Two weeks ago (Discarded Vines? A sermon on John 15:1-8), we contemplated the vine and the branches. We were reminded that no matter how things may look, we have Jesus. While the vine is pruned, and in a church (or anywhere) this is a might painful process, we have the assurance that we are not pruned away. We have that promise that Jesus abides in us. We are then invited to abide in him. The good news was that his abiding or living in us is not conditional. It just is!

Then in last week’s text (The Greatest Fruit – John 15:9-17), Jesus took us a bit deeper. We were reminded that the fruit of the vine metaphor is love. I shared some delicious fruit with everyone and we talked about those things that distract us the way the abundance of sugar masks the natural sweetness of fresh fruit. The good news, again, is that Jesus loves each of us and he loves us collectively, as a church. His commandment is that we love one another…in the same way.

Sometimes this is hard to do…all those distractions that get in the way of our loving others. Today we are introduced to a mighty big distraction…hate. To get to this we need to weave our way through all that circular language…

About Jesus recognizing the disciples as belonging to God the Father, and yet given to him…

About being in the world but not of the world…

About truth and unity and a plea that the disciples are protected.

About his joy being made complete…as in love being present.

But the world will hate them.

Why? If what they are about is love…love of God and loving one another, why would the world hate them?

What do you think? (discussion ensued of those who advocate for others, like Colin Kaepernick who protests against racial injustice…by the way he was confirmed in a Lutheran church. We also talked about Martin Luther King Jr who’s unfavorable rating at the time of his death was more than 75% and is now over 90% approval.)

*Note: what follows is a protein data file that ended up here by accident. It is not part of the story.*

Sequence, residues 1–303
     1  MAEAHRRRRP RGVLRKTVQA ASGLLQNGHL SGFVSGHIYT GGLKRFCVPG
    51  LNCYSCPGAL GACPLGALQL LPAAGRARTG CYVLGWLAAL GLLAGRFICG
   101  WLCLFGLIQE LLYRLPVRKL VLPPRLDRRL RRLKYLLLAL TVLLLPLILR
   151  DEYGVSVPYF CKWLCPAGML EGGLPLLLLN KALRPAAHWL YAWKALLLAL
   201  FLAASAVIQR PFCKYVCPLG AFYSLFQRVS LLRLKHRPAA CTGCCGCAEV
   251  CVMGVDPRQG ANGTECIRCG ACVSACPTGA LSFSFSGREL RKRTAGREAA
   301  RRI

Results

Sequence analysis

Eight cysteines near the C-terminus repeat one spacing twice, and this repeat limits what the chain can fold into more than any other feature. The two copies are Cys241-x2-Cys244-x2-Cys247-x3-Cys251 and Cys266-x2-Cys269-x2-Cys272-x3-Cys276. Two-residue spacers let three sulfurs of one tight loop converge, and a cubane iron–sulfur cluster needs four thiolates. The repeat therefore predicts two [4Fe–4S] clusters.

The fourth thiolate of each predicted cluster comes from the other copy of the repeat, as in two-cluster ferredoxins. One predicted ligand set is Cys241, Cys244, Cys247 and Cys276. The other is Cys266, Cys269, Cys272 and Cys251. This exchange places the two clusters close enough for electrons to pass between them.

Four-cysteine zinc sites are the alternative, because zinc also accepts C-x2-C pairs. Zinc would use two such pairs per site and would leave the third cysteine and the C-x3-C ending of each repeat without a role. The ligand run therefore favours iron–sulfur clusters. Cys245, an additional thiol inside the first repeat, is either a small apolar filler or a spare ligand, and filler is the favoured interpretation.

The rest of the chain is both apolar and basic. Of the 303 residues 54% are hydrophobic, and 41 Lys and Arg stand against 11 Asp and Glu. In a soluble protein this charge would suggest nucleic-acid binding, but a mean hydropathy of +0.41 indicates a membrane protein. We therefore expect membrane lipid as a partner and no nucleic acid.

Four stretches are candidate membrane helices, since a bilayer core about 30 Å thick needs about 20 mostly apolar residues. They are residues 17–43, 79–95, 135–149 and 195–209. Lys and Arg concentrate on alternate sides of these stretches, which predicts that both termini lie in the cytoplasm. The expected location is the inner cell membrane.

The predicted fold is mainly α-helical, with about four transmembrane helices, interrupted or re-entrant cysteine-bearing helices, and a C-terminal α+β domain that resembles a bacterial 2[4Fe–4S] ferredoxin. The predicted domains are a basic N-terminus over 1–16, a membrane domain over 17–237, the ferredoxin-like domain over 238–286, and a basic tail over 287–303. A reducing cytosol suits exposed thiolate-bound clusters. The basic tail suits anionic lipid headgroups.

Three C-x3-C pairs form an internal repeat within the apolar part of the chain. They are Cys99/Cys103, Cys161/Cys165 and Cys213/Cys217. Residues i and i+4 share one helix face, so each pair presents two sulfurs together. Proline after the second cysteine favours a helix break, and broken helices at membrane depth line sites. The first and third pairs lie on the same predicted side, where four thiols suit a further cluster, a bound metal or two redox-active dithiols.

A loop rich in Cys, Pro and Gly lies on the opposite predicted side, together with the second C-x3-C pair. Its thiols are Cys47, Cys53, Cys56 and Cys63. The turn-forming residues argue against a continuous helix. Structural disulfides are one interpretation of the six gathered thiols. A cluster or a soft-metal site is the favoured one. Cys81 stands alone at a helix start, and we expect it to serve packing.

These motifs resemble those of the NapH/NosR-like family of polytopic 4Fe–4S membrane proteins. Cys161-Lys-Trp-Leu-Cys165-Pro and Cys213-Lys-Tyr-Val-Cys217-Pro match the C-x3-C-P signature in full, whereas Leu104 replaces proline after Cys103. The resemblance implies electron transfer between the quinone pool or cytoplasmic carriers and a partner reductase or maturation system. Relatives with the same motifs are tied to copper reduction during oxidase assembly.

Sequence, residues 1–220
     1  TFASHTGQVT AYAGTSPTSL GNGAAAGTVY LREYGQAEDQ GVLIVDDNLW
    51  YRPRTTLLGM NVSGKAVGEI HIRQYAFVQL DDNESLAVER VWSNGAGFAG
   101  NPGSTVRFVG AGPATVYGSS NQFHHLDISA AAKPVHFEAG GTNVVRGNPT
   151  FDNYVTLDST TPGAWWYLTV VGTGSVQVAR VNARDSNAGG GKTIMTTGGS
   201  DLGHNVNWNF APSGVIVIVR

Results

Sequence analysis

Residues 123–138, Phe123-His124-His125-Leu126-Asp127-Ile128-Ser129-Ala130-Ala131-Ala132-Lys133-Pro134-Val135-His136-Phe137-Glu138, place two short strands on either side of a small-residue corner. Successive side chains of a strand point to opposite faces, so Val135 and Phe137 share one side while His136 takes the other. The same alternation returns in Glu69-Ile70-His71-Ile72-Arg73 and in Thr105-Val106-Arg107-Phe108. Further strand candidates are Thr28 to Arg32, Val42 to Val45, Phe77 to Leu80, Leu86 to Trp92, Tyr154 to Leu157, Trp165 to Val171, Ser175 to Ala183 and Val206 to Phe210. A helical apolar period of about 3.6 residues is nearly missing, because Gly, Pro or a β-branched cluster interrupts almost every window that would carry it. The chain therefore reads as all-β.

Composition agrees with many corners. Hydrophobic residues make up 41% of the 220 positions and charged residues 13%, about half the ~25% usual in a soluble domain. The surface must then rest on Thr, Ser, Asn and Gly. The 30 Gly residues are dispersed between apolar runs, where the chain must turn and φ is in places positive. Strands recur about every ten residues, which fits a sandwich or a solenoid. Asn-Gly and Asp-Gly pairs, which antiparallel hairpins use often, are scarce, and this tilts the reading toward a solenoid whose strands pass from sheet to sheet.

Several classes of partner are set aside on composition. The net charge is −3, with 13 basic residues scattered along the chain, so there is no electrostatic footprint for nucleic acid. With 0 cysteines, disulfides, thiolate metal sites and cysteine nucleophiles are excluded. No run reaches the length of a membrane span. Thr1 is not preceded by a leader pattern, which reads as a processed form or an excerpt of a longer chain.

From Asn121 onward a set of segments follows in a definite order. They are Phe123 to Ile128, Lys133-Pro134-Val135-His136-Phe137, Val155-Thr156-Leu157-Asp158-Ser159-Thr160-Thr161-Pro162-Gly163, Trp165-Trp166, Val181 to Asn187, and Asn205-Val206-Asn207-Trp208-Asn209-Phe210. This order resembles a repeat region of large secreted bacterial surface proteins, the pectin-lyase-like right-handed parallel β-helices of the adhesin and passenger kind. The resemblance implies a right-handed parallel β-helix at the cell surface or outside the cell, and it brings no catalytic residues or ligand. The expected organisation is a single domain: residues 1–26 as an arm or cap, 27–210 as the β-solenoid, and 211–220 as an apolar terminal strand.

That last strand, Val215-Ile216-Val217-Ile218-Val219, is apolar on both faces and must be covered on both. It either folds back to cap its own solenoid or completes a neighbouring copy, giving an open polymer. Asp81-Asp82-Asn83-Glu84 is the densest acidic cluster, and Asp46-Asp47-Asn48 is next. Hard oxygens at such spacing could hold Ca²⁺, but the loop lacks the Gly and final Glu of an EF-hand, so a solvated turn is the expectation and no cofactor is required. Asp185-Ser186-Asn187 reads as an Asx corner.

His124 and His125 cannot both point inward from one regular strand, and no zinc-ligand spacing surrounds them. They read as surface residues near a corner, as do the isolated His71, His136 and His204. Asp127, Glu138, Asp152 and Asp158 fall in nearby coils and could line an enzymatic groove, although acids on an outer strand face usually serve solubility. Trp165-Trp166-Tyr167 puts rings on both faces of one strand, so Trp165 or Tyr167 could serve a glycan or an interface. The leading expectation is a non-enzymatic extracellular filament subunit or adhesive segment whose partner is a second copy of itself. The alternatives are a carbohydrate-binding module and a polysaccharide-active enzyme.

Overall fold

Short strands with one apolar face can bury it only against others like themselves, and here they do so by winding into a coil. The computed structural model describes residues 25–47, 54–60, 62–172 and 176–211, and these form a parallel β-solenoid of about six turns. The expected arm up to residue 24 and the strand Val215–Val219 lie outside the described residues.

Here’s what I think. The world, as it is referred to here, doesn’t much like love. In the world, it is far better that people are divided and distracted. In the world, there is always a winner and a loser. In the world, there is the in group and the out group. In the world, things like racism, sexism, nationalism and other ismsare the currency of the day.

But to love one another means:

Thatwe love beyond the label, whatever it may be.

Thatwe see our neighbor, not as an opponent but as a precious child of God.

Thatwe defend our neighbor.

Thatwe leave our own comfort zones so that we can learn about and build community with our neighbor.

None of this should be controversial. But it is. And so, we might stay silent and inactive because we don’t want to be on the receiving end of criticism… of hate.

But Jesus is praying for us for expressly this reason.

This week I asked on my Facebook feed if anyone has received pushback for doing what was the right thing to do. Here are a couple examples of what I received:

  • We put a sign in front of our church offering a “Blessed Ramadan” for our Muslim neighbors. We were surprised at the negative response.
  • I am an immigrant from Mexico (and an American citizen). I tell the stories of, and advocate for my fellow immigrants. For this I am sometimes told to “go back where I came from.”